Information détaillée concernant le cours
27-28 October 2017
Jonathan Miaz, coordinateur du PDSPO
Lea Sgier, CEU (Budapest) et Université de Genève
Dr Lea Sgier, HETS et Université de Genève
This workshop aims to introduce the students to social science discourse analysis, and in particular to interpretive discourse analysis as a family of approaches that emphasise the constructed nature of politics and the importance of struggles over interpretive and definitory hegemony for political processes and for the definition of political “realities”. Such approaches have become popular in various fields of political science, including policy studies, social movement research, international relations, organisational studies, etc. They allow to raise research questions that ask how worldviews are constructed, how discourses emerge and change, and how they influence political processes.
The workshop provides an overview of the (rather disparate) field discourse analysis (including more positivist strands such as discursive institutionalist) before then zooming in more specifically on interpretive analysis (of post-structuralist inspiration): its epistemological bases, its various uses (such as the analysis of systems of meanings, discourses and counter-discourses, genealogical analysis, etc.). We will briefly look into the most important bases and methodological tools of this type of analysis (tools from linguistics, socio-linguistics and post-structuralism for instance), some of its more practically-oriented manifestations (such as critical frame analysis), and some more general methodological issues proper to qualitative-interpretive research.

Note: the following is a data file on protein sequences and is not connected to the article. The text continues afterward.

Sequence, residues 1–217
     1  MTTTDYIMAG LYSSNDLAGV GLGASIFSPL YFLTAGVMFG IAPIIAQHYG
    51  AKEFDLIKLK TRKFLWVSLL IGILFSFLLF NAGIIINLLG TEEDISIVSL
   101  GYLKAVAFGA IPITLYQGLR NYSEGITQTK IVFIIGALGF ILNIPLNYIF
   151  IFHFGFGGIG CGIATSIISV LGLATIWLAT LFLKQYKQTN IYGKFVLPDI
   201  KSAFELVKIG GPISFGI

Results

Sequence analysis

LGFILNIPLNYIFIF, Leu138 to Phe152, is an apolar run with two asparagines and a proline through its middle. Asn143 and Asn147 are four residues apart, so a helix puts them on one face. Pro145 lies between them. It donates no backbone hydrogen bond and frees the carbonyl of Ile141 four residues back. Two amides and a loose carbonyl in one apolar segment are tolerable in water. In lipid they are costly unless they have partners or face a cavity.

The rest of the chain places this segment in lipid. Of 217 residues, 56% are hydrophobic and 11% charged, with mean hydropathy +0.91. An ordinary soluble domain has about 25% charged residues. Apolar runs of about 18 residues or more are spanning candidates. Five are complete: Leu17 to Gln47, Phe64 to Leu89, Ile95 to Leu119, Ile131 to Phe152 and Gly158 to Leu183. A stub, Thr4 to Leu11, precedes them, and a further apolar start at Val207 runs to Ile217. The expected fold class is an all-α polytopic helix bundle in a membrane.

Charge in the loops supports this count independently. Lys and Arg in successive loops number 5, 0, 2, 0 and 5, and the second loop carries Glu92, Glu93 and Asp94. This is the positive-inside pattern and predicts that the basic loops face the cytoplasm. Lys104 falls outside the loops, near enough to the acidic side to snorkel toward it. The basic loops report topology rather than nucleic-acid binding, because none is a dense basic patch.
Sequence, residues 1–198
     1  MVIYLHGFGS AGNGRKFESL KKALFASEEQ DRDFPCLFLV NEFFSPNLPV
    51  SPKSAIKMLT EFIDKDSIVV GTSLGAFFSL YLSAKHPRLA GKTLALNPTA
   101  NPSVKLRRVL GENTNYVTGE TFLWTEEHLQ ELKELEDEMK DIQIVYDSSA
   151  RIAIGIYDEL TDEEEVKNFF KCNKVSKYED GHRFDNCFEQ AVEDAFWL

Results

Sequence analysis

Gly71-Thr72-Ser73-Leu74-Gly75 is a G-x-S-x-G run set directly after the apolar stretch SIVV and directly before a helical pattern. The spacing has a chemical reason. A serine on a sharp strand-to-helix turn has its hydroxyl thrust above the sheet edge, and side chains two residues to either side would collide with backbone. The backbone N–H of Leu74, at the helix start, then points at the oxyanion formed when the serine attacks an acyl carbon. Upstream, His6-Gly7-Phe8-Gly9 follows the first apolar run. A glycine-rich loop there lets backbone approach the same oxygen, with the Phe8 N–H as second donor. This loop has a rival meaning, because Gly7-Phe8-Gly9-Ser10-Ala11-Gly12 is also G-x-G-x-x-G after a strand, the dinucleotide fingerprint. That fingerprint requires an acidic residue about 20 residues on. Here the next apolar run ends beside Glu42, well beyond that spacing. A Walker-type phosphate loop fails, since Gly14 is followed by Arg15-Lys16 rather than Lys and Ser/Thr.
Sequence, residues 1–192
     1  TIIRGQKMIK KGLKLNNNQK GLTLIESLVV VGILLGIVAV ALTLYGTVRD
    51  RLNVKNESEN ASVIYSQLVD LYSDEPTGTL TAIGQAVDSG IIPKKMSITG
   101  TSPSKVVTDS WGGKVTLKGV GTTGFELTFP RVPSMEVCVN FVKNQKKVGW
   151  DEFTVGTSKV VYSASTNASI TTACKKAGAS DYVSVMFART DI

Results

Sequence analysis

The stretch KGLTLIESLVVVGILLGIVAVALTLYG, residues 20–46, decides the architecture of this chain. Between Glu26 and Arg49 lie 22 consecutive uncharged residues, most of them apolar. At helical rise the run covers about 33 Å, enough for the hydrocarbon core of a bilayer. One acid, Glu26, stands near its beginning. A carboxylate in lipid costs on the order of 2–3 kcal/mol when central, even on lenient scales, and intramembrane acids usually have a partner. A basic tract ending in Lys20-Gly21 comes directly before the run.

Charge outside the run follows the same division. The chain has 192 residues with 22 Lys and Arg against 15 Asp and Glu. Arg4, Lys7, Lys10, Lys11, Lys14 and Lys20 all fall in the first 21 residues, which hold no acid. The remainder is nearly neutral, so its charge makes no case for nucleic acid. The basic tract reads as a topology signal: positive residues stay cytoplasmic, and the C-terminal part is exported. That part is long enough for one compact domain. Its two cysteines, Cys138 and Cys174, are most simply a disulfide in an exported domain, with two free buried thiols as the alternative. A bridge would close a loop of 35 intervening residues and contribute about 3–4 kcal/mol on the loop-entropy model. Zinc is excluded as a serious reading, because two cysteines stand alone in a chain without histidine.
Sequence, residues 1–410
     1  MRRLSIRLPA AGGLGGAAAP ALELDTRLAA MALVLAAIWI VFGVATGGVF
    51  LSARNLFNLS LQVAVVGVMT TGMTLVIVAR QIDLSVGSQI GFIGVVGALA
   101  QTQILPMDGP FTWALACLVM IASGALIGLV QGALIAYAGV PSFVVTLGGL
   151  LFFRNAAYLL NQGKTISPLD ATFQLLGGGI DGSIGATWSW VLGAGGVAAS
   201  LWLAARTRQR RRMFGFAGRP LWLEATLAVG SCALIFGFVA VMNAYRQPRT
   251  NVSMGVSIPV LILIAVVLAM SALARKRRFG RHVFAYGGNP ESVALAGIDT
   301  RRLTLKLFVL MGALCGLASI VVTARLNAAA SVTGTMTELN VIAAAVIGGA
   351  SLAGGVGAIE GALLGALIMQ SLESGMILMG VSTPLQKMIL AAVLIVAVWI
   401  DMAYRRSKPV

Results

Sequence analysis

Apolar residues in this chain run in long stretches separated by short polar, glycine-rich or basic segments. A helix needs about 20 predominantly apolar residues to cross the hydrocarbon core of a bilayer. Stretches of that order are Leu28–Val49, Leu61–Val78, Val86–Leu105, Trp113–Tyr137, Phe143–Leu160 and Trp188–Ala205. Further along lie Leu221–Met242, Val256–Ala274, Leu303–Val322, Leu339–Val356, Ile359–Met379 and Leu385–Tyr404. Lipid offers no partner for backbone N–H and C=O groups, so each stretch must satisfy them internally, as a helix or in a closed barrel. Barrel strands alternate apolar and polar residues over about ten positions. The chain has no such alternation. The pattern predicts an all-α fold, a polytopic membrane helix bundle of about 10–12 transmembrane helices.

Quite a large part of this workshop will be devoted to practice: in the form of exercises to be done in common, and – if relevant to and desired by the participants – in form of discussions around their own plans and materials. Participants who are already working discourse analytically, or who have concrete plans for the use of discourse analytic tools (regardless of which type of discourse analysis they plan to use), can send along a short descriptive of their plan before the workshop, and on this basis we can schedule time slots for them to present their ideas and submit them to discussion (cf. below).
By the end of the course, the participants should have gained some understanding of the importance of language in politics and of discourse analysis as a conceptual and methodological approach.
Bâtiment Uni-Mail, Salle M4020 (vendredi) et M3220 (samedi), Université de Genève